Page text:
(I never see children with Down's Syndrome.)
I've been married to a Korean woman for eighteen years. And it's been quite challenging. I call her Miz Perfect. Our cultures are completely different--which often leads to bitter disputes. Yesterday was a case in point. She scolded me for being too honest.
Miz Perfect said, "I rie to my fliend at party. I tell her dat we meet in Amelica."
My youngest son Rice-Boy Larry recently had a party to say goodbye to his friends. He ate lots of cake and received cool presents.
I got a little bit angry. I'm not smart enough to lie. I can never remember what I lied about, and I end up looking like a fool.
I said, "It's just best to tell the truth. Besides, all my students know that we met in Daejeon. So she'll eventually find out that you aren't telling the truth."
"You da stoopid man. Why you tell da twooth? Dey know we meet in da ba?"
"I didn't tell them that we met in a bar. I told them we met in a restaurant."
Miz Perfect gave me an evil smirk of triumph. "Den you da riar, too. We not meet in da lestaulant. We meet in da ba."
"Technically, it was a restaurant. It served fried squid and anchovies. Food equals restaurant."
I always lose these arguments.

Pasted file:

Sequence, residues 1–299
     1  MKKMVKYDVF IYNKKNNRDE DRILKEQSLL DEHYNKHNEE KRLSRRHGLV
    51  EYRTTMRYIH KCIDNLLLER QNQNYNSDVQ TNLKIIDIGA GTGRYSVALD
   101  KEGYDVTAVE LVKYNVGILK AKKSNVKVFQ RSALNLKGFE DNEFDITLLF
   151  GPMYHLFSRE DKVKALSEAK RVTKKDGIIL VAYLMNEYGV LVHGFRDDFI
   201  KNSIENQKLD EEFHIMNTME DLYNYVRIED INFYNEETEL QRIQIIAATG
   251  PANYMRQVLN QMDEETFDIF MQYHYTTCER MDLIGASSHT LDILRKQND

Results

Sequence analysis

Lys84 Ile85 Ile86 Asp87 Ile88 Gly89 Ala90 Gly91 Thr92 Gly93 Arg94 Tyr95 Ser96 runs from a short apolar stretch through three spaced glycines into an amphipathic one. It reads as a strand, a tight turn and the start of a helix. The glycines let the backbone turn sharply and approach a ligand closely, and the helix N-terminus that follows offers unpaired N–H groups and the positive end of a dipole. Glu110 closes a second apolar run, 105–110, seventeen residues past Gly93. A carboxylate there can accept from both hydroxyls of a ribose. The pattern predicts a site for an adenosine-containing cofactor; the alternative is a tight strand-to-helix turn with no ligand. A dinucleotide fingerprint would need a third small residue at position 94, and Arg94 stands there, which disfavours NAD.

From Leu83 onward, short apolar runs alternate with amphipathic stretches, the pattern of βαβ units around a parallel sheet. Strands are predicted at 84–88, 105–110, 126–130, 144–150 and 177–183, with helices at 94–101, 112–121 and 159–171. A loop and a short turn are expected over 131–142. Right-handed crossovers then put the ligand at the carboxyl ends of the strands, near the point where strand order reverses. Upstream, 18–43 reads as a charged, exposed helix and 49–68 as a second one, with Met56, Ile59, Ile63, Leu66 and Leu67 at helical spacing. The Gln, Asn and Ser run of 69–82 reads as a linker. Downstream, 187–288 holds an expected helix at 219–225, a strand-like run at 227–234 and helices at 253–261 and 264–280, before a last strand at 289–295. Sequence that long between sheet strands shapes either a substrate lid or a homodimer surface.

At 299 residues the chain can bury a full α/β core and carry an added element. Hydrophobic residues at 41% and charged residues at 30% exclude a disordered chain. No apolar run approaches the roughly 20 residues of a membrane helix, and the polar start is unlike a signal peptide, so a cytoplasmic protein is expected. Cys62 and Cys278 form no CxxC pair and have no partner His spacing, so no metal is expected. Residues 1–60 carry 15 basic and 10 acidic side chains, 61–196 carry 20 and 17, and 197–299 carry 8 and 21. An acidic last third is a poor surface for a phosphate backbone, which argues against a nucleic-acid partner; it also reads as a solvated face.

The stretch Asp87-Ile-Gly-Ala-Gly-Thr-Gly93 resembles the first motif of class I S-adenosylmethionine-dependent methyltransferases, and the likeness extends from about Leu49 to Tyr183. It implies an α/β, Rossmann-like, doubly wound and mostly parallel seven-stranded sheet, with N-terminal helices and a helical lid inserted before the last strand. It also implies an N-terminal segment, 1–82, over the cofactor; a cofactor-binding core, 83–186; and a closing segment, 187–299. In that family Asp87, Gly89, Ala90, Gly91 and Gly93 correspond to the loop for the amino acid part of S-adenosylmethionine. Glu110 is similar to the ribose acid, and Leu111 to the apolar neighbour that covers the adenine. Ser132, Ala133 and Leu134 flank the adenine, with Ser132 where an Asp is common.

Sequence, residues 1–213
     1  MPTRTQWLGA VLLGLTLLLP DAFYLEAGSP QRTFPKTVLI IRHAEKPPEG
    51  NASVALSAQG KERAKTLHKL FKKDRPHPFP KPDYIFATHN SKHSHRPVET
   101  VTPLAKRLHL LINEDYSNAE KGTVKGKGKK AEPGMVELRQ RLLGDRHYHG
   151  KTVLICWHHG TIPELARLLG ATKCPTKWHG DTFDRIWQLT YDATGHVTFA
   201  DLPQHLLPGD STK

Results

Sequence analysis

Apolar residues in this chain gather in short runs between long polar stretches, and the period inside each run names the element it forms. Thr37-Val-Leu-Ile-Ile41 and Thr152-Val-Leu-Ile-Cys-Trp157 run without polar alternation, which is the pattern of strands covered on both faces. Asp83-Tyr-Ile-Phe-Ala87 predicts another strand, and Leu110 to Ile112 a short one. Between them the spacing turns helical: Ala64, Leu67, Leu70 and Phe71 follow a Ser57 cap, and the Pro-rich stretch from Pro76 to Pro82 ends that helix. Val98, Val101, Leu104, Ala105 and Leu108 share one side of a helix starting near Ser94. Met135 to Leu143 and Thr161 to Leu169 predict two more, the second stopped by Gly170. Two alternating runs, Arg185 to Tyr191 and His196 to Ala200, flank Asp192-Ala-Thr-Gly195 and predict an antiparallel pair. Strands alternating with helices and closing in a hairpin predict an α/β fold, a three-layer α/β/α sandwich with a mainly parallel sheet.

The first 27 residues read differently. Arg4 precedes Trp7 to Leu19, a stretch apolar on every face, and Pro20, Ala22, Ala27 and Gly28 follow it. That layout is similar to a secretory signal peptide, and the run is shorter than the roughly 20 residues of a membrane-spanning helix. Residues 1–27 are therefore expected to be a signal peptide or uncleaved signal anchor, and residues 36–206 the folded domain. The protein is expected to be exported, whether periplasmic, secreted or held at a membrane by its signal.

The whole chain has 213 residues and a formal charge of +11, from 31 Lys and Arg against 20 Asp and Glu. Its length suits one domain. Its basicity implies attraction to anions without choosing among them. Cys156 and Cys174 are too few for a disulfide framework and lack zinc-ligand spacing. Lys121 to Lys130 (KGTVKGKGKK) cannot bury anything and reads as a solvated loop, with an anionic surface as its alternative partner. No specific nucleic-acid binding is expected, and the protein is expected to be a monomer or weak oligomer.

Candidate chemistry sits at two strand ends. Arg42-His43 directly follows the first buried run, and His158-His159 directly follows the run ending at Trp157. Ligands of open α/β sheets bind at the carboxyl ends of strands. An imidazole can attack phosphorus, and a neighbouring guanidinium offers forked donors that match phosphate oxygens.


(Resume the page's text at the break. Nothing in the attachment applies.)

I watched several episodes of Game of Thrones. Season seven is right around the corner, and I can't remember what happened in season six. I'm a big fan of the series. The show is filled with outrageous violence, and it's impossible to predict who is going to die next. I believe that the girl with the silver hair and the three dragons will eventually win the throne. But what do I know?
Later in the day, I walked to a restaurant with my family. I noticed that I didn't see any kids with Down's Syndrome. I never see them. In America, Walmart is filled with children who have various mental and physical shortcomings. Yet they seem to be pretty much nonexistent here on the peninsula. Where are they? Have they been aborted? Are they crammed into a special house? I just don't know. It vexes me.
We ate overpriced shellfish. One little plate in the center of our table cost thirty dollars. I drank two bottles of soju. I became quite drunk.
My oldest son Ken told me that he's an atheist.
He said, "Dad, I'm an atheist. I don't believe in an all-knowing God and a devil with goat horns."
I said, "That's OK, son. You're old enough to believe what you want to believe."
When I was his age, I was an atheist, too. It's all part of the spiritual journey. Besides, I didn't have the energy to argue. My boy was trying to harsh my buzz, and I simply refused to take the bait.
We took a taxi home. I said the Lord's Prayer before going to bed. Later, I slept like the dead.